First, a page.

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Re: declare a="$b" if $a previously set as array

From: Stephane Chazelas
Subject: Re: declare a="$b" if $a previously set as array
Date: Sun, 7 Dec 2014 10:36:48 +0000
User-agent: Mutt/1.5.21 (2010-09-15)

2014-12-06 20:19:21 -0500, Chet Ramey:
> On 12/6/14 6:24 PM, Stephane Chazelas wrote:
> > Hiya,
> > 
> > this is potentially dangerous:
> > 
> > If $a was previously used as an array (or hash), then:
> > 
> > declare a=$external_input
> So what you're saying is that blindly using external input can sometimes
> have negative consequences?

In this case, it's not about sanitizing external input, at least
as far as the $external_input variable is concerned.

When a script writer writes:

   declare -l a="$external_input"

he's entitled to expect $a to contain the lower case version of
$external_input whatever $external_input contain.

If $external_input happens to contain "($(echo FOO))", I'd
expect $a to contain "($(echo foo))", not "foo" just because
$external_input happens to follow a specific pattern.

Where the script writer may be to blame is for running "declare"
when that "a" variable was previous declared as an array (though
that could have been done by code he invoked from 3rd party
libraries), or not anticipating that his code would be invoked
in contexts where that "a" variable may have been declared as an

But even then, he can be excused not to imagine that

   declare -l a="$external_input"

could ever run an arbitrary commands.

And even if he intended to declare "a" as an array beforehand,
he could reasonably expect

   declare -l a="$external_input"

to do the same as

   declare -l a; a="$external_input"

That is, the same as a[0]="$external_input".

I'd say we have at least a documentation issue.

> At some point, you have to put some burden of responsibility onto the
> script writer.

Yes, definitely.

It's up to everyone to try and make this digital world a
safer place. In this case though, bash can easily do its bit by
changing this behaviour (I can't imagine anyone relying on the
behaviour as it is now).

> > 
> > If not changed, that behaviour may be worth documented.
> declare's behavior is already documented:
> "Arrays   are  assigned  to  using  compound  assignments  of  the  form
> name=(value1 ... valuen),  where  each  value  is  of  the  form
> [subscript]=string." ... "This  syntax is also accepted by the declare
> builtin."


is not of the form name=(value ... valuen), it's of the form

And when doing it without "declare", it works as expected.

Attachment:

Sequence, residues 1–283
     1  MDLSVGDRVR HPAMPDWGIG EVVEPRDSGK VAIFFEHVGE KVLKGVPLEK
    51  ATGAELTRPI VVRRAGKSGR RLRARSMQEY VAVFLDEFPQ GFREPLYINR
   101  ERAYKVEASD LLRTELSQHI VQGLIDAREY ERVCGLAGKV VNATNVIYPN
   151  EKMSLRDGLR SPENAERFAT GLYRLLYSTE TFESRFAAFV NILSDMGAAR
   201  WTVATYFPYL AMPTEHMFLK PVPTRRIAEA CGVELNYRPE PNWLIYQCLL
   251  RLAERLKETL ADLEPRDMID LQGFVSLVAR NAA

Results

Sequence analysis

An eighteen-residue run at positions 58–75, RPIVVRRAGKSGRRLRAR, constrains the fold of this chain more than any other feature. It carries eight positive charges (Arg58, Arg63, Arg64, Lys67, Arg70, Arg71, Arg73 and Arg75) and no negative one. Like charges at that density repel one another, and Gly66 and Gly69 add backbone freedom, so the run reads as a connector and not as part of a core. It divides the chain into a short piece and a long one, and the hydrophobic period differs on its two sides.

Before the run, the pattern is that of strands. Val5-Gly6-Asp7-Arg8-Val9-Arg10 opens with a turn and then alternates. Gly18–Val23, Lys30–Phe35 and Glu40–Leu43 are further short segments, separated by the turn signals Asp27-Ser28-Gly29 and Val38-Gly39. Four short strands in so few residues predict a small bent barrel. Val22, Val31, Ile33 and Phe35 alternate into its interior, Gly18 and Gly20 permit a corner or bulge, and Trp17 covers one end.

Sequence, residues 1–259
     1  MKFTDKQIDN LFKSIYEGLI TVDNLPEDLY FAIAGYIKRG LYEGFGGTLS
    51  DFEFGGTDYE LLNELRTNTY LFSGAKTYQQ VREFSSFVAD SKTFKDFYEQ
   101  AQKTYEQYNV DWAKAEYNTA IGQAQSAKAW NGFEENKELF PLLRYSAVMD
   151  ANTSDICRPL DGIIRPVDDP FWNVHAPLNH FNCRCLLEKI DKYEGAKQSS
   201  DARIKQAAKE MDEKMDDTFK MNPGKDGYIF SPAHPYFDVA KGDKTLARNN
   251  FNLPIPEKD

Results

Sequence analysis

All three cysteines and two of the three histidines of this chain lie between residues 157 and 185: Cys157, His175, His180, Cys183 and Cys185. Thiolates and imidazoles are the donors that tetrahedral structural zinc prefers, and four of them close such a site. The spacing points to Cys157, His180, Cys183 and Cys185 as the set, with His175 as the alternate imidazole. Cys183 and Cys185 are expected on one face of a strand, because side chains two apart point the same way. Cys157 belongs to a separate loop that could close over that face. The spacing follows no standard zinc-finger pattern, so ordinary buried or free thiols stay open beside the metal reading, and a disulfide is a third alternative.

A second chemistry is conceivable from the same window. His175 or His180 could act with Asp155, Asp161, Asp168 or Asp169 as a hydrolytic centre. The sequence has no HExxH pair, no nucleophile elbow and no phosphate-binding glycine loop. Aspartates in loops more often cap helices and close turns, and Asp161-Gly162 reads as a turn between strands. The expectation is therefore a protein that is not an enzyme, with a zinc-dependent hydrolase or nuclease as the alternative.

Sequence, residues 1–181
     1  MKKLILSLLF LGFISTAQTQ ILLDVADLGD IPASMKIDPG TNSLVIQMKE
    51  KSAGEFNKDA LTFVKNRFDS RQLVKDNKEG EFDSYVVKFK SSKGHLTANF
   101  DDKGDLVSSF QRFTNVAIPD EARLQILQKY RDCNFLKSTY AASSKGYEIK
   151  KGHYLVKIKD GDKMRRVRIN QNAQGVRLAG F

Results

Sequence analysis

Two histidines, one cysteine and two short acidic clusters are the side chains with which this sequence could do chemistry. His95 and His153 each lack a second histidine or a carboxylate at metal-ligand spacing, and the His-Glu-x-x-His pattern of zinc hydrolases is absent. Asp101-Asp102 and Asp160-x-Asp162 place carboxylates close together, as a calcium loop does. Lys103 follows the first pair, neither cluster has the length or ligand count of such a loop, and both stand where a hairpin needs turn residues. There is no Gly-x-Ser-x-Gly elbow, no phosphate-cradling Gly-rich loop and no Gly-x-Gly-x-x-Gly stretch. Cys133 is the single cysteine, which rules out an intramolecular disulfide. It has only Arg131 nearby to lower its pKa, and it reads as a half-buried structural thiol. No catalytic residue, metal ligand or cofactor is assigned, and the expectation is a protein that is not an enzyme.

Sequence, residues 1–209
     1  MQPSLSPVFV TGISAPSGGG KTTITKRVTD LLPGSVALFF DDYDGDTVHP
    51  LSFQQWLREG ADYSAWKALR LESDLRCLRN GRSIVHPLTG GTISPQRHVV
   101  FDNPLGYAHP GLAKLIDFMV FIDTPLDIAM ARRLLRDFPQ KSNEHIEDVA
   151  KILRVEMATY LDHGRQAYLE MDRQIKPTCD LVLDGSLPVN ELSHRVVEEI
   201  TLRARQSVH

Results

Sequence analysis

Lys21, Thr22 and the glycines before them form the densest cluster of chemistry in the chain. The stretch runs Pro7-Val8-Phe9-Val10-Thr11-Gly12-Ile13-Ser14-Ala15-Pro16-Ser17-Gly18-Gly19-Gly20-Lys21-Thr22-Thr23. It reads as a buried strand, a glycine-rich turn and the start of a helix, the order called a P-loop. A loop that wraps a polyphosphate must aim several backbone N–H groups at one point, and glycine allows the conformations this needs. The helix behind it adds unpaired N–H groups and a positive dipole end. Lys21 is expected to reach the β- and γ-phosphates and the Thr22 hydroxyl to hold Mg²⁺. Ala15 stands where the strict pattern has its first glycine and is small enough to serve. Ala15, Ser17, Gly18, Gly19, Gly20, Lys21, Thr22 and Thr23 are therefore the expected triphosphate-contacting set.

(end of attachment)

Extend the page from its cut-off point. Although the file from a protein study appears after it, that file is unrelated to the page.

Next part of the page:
The problem is when using "declare"



Assigns "(foo)" to the element of indice 0 in the array "a" and
one could expect:

   declare a="(foo)"

to do the same.

> > ksh behaviour that only accepts "(" when litteral and unquoted
> > (or zsh that doesn't accept it at all) is a bit saner IMO.
> declare is a builtin, not a reserved word.  At the point when it is
> invoked, its arguments have already been expanded.  The question is
> how much argument-mangling you want to do, and how much is worth it.

It's already parsed differently from other builtins.

declare a=(foo bar)


echo a=(foo bar)

doesn't (and declare a=$b doesn't do word splitting on $b for

$ b='[0]=foo' bash -c 'declare a=($b); echo $a'

does already the right thing (remember you fixed that after I
reported the bug a few years ago). I argue it's a similar issue

> > $ b='($(uname))' bash -c 'declare -a a; declare a="$b"; printf "<%s>\n" 
> > "$a" "${a[0]}"'
> > <>
> > <Linux>
> > $ b='($(uname))' bash -c 'a=(); declare a=$b; printf "<%s>\n" "$a" 
> > "${a[0]}"'
> > <Linux>
> > <Linux>
> > 
> > (I'd expect the same result for both).
> You don't say what version of bash you're using, but I get the same results
> for both commands back to bash-4.0 (when I quit testing).

~$ bash --version
GNU bash, version 4.3.11(1)-release (x86_64-pc-linux-gnu)
Copyright (C) 2013 Free Software Foundation, Inc.
License GPLv3+: GNU GPL version 3 or later <http://gnu.org/licenses/gpl.html>

This is free software; you are free to change and redistribute it.
There is NO WARRANTY, to the extent permitted by law.
~$ b='($(uname))' bash --norc -c 'declare -a a; declare a="$b"; printf "<%s>\n" 
"$a" "${a[0]}"'

(on Linux Mint amd64).

> > It may be worth recommending people do a "unset var" before
> > doing a "declare [-<option>] var" unless they do intend to retain the
> > previous value and/or type 
> Sure, that's good programming practice.  It should be recommended in a
> bash programming guide -- and there are several excellent ones.

At least the bash doc could document what happens when using
"declare" on a variable that was already assigned or declared
(in the current context and not).


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